As the two governing bodies of professional baseball in the United States continue to trade jabs over a contentious proposal to boot 42 minor league teams from major league affiliation, more lawmakers and public officials are joining the fight to keep professionally affiliated baseball in cities across the country.
That includes Ogden City Mayor Mike Caldwell, who has become active in trying to keep the Raptors connected to Major League Baseball and future pro stars like Cody Bellinger, Joc Pederson and Corey Seager rolling through the city on their way to greatness.
The Raptors — and the entire Pioneer League, Minor League Baseball’s short-season rookie league in the West — are on the list proposed in October 2019 to be cut off from MLB affiliation after 2020. That would mean either becoming an independent-type club or, if that isn’t feasible, ceasing to exist.
For a proud franchise that wins more games than not and a city that has helped it lead the league with Double-A-like attendance for 23 consecutive years — welcoming its 3 millionth fan through the gates this past season at the city-owned Lindquist Field, nestled in a newly vibrant downtown — such a turn of events would leave a hole, perhaps figuratively and literally, for The Junction City.
“It’s a really important part of a downtown and a community, it really does bring people together,” Caldwell told the Standard-Examiner. “We want them to know that those kinds of decisions have big, sweeping impacts on communities like ours.
“Here you have, I can’t remember the exact cost but it’s certainly millions of dollars, in terms of a downtown asset that could go, for the most part, dormant. Nobody wants to see that in any community.”
Caldwell has joined the “Mayors Minor League Baseball Task Force” and also recently sent a letter to MLB Commissioner Rob Manfred to voice his opposition to the proposal.
“We felt protective enough of our ballparks and our stadiums and everything else to get involved. We contacted Rob Bishop’s office asking him to be supportive. We just want people to know these ballparks really matter to our communities,” Caldwell said.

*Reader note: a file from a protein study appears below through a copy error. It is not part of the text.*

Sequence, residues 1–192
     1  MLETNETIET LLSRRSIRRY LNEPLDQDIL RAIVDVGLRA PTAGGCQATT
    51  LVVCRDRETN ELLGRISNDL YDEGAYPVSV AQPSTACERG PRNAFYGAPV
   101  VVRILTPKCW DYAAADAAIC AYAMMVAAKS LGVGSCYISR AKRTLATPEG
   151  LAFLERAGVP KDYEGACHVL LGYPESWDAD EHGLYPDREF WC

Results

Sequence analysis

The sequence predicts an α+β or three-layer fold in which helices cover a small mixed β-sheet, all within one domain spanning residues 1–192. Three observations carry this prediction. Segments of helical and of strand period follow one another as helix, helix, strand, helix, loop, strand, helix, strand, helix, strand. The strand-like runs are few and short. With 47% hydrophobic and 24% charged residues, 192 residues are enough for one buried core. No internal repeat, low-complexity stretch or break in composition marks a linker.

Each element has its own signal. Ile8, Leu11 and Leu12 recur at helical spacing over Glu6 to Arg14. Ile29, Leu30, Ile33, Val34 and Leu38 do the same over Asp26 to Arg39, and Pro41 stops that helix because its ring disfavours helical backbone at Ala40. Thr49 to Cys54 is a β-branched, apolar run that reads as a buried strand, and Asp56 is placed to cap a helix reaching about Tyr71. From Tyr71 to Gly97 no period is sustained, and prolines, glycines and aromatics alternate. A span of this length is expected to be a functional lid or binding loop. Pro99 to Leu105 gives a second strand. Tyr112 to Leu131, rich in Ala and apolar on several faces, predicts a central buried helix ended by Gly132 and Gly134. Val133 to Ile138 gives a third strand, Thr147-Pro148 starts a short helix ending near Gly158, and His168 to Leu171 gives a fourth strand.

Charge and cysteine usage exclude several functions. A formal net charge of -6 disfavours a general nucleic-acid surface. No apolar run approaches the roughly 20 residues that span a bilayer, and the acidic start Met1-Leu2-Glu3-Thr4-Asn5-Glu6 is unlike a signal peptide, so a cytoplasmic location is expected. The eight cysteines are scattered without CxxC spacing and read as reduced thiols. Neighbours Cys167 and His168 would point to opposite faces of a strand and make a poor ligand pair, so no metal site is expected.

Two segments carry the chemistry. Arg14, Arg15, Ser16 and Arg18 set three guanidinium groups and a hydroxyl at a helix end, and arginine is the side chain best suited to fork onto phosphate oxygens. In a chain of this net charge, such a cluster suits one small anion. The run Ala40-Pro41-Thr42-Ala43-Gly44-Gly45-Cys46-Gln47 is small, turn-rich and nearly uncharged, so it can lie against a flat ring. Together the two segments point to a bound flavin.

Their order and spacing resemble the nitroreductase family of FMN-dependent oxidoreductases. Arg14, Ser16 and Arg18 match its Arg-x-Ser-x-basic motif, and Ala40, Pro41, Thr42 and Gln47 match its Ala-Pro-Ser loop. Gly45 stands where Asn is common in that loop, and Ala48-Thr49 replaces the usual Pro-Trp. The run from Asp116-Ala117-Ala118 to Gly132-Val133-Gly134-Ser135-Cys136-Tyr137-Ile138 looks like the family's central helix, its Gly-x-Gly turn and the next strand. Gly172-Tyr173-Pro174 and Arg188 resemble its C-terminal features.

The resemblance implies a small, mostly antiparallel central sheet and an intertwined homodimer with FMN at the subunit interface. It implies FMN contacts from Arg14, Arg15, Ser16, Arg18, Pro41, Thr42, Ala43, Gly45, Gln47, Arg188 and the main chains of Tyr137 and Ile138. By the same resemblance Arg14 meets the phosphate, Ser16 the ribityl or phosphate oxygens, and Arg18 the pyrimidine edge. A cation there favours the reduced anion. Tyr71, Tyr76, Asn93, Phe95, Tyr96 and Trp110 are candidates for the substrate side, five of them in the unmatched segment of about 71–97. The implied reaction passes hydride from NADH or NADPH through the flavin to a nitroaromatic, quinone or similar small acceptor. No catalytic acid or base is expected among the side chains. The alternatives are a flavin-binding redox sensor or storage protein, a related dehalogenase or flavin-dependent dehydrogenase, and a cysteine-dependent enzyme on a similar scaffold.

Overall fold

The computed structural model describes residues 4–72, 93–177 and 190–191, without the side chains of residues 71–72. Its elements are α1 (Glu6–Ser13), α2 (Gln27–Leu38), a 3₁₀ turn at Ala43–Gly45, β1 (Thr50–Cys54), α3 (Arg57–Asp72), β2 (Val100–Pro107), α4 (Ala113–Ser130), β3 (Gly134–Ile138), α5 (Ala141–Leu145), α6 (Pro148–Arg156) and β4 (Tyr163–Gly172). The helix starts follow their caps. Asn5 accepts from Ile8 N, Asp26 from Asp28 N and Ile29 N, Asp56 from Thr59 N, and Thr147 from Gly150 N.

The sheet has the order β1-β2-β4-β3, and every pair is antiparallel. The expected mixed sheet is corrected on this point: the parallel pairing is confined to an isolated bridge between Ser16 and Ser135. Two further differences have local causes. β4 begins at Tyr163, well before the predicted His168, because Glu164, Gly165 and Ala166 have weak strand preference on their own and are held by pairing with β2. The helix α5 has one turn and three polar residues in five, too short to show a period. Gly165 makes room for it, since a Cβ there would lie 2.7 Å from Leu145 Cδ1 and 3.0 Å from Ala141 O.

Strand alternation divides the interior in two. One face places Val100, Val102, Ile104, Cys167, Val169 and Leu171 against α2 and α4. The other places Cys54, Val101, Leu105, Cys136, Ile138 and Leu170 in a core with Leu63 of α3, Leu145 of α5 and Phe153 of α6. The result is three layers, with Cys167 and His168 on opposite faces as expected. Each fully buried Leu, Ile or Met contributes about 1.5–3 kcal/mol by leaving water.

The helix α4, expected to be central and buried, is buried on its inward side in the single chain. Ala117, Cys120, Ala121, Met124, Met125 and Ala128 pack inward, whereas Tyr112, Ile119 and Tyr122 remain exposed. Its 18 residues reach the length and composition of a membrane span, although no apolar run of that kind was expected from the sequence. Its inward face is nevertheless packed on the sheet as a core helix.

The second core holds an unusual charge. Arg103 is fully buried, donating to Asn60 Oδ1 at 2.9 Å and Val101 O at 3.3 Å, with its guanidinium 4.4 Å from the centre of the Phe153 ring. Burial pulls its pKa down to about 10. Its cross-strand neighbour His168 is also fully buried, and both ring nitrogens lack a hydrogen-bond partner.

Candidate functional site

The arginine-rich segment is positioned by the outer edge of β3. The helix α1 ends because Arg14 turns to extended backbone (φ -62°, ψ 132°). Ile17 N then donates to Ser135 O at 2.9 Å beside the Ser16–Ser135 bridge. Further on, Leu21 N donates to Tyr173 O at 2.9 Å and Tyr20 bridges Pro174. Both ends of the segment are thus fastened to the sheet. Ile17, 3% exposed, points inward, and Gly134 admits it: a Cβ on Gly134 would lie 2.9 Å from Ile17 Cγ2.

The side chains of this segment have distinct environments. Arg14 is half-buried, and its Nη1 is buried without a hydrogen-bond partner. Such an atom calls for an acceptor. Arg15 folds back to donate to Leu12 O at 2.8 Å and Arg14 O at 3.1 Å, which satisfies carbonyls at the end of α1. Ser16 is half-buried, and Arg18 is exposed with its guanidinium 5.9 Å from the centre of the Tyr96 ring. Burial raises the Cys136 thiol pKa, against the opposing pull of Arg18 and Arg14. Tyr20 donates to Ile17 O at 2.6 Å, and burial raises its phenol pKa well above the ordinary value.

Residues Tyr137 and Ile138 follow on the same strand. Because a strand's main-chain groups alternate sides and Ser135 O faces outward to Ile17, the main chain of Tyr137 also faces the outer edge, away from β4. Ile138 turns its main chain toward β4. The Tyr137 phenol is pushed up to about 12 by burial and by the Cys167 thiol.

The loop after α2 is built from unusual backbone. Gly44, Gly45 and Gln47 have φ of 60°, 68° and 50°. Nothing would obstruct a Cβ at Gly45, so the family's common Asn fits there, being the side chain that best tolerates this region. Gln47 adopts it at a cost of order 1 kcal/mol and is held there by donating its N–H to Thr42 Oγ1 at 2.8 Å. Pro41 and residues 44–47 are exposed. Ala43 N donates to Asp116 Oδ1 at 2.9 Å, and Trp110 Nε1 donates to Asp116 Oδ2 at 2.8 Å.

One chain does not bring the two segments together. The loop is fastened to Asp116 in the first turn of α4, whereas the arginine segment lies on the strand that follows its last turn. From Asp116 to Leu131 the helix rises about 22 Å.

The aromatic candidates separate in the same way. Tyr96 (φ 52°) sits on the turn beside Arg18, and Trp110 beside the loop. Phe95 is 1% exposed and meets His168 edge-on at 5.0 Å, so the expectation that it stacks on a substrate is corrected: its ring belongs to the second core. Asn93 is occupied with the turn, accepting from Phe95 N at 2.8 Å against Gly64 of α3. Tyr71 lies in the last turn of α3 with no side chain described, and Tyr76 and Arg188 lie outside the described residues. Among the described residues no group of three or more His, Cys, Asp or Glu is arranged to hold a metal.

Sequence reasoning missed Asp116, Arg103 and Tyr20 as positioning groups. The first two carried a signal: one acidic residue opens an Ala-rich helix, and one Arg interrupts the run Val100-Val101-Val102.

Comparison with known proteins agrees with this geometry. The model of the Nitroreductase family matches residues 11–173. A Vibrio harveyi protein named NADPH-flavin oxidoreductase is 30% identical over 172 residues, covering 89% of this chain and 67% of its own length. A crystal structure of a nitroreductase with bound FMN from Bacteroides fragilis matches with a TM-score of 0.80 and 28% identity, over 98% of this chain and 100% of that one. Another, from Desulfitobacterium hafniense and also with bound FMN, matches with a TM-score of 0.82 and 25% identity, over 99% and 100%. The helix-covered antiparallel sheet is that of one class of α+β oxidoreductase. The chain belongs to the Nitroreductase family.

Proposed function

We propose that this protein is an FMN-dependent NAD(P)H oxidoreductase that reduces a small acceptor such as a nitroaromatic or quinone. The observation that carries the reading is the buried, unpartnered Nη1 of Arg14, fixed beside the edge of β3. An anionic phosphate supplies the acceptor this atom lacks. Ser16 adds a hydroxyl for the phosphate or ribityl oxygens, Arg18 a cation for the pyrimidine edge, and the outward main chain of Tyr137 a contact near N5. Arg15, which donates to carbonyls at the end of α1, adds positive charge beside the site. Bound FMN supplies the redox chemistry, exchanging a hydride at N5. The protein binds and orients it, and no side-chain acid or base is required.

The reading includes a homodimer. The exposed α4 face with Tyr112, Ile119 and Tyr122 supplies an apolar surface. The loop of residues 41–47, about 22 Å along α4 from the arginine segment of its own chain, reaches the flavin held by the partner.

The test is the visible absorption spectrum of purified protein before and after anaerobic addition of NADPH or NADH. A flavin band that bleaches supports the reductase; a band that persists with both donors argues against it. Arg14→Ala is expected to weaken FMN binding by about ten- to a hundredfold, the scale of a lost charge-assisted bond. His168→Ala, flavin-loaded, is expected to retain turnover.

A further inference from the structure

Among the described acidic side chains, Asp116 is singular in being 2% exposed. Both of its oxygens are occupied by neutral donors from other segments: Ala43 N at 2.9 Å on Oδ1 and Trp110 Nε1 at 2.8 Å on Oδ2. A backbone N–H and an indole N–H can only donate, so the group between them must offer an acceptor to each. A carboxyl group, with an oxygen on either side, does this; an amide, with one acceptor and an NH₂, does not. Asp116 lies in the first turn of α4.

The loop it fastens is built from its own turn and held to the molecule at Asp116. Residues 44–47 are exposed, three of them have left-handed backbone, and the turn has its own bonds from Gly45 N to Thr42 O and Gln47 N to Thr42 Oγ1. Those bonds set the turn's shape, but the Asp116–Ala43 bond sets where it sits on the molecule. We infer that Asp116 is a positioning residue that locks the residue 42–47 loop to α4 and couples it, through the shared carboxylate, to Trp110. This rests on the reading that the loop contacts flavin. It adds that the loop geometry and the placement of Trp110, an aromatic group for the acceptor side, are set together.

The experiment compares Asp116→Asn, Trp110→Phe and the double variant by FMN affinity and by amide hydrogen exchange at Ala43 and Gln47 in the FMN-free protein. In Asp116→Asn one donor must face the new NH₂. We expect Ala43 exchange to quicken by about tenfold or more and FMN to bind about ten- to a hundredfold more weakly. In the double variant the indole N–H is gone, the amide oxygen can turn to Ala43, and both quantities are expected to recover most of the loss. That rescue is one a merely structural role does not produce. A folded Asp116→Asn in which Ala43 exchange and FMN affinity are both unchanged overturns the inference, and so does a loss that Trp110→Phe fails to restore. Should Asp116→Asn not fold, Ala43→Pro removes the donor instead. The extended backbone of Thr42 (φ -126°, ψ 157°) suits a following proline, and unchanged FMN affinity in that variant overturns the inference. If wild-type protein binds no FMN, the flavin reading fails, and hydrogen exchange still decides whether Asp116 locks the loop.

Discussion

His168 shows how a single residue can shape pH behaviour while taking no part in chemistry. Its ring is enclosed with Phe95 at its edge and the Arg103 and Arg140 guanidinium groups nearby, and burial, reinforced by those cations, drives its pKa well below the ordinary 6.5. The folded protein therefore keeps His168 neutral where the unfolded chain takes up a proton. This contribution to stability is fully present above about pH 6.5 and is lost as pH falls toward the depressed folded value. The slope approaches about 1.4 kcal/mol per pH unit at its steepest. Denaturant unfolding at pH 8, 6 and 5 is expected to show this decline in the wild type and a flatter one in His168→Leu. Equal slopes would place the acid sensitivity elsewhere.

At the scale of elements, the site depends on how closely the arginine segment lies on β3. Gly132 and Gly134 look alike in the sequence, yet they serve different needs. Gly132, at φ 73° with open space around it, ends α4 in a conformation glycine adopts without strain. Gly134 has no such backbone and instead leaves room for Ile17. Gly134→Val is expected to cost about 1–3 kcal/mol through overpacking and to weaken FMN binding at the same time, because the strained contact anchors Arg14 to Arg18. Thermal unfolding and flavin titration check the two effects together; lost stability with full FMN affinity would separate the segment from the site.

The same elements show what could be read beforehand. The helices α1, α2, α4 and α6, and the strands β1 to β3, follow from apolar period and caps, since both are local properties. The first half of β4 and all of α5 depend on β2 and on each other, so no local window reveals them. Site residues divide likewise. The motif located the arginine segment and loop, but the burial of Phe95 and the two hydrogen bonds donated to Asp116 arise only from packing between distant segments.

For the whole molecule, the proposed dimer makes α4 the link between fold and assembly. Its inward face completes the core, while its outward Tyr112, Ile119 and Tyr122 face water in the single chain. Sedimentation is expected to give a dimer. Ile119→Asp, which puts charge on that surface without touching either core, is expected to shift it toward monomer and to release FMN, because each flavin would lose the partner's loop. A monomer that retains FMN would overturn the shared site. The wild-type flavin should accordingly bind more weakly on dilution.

“And I think it’s short-sighted by Major League Baseball. Most people fall in love with baseball by going to games, you get pulled into the excitement and you fall in love with it,” he said. “That trickles all the way up. In this day and age when you have so many competing interests, to take that tangible exposure to baseball away from dozens of communities in the United States is short-sighted because you’re probably going to lose them for good.”
Caldwell’s letter, as well as platforms outlined in task-force documents provided to the Standard-Examiner, pitch the importance of family entertainment and economic presence teams like the Raptors provide their cities.
In the letter to Manfred, dated Dec. 19, 2019, Caldwell writes that low-level affiliates like the Raptors give kids an entry-point to baseball to see future stars, inspiring “a connection to the game that will last a lifetime” — people who will grow up, buy media packages that support MLB and take road trips to see their favorite players at the major league level.
“MLB’s rural footprint is critical to growing the sport into the 21st century,” he writes.
He writes, similar to many cities on the list, that Ogden recently bonded more than $800,000 to upgrade stadium lights and make other stadium improvements to keep with MLB’s standards. Other franchises are in the middle of undertaking even more expensive renovations to remain viable, both as a baseball team and a consumer product, that are now threats to communities suddenly facing wasted financial investments with no say in the matter.
The mayors task force is led by Andy Berke of Chattanooga, Tennessee, Steven Benjamin of Columbia, South Carolina, and Nan Whaley of Dayton, Ohio.
Lawmakers in Washington have been involved as well. Most recently, the “Save Minor League Task Force” in Congress — led by Republican and Democrat representatives from Massachusetts, West Virginia, New York and Idaho — introduced a Congressional Resolution in support of Minor League Baseball in the fight.
“Minor League Baseball teams have had a major impact on small communities. These teams provide an enormous cultural and economic benefit to the communities they call home,” Congressman David McKinley (R-WV) said via news release. “The goal of our involvement in this fight is to ensure a level playing field in the negotiations between Major League Baseball and MiLB. Doing away with 42 teams is not a reasonable solution.”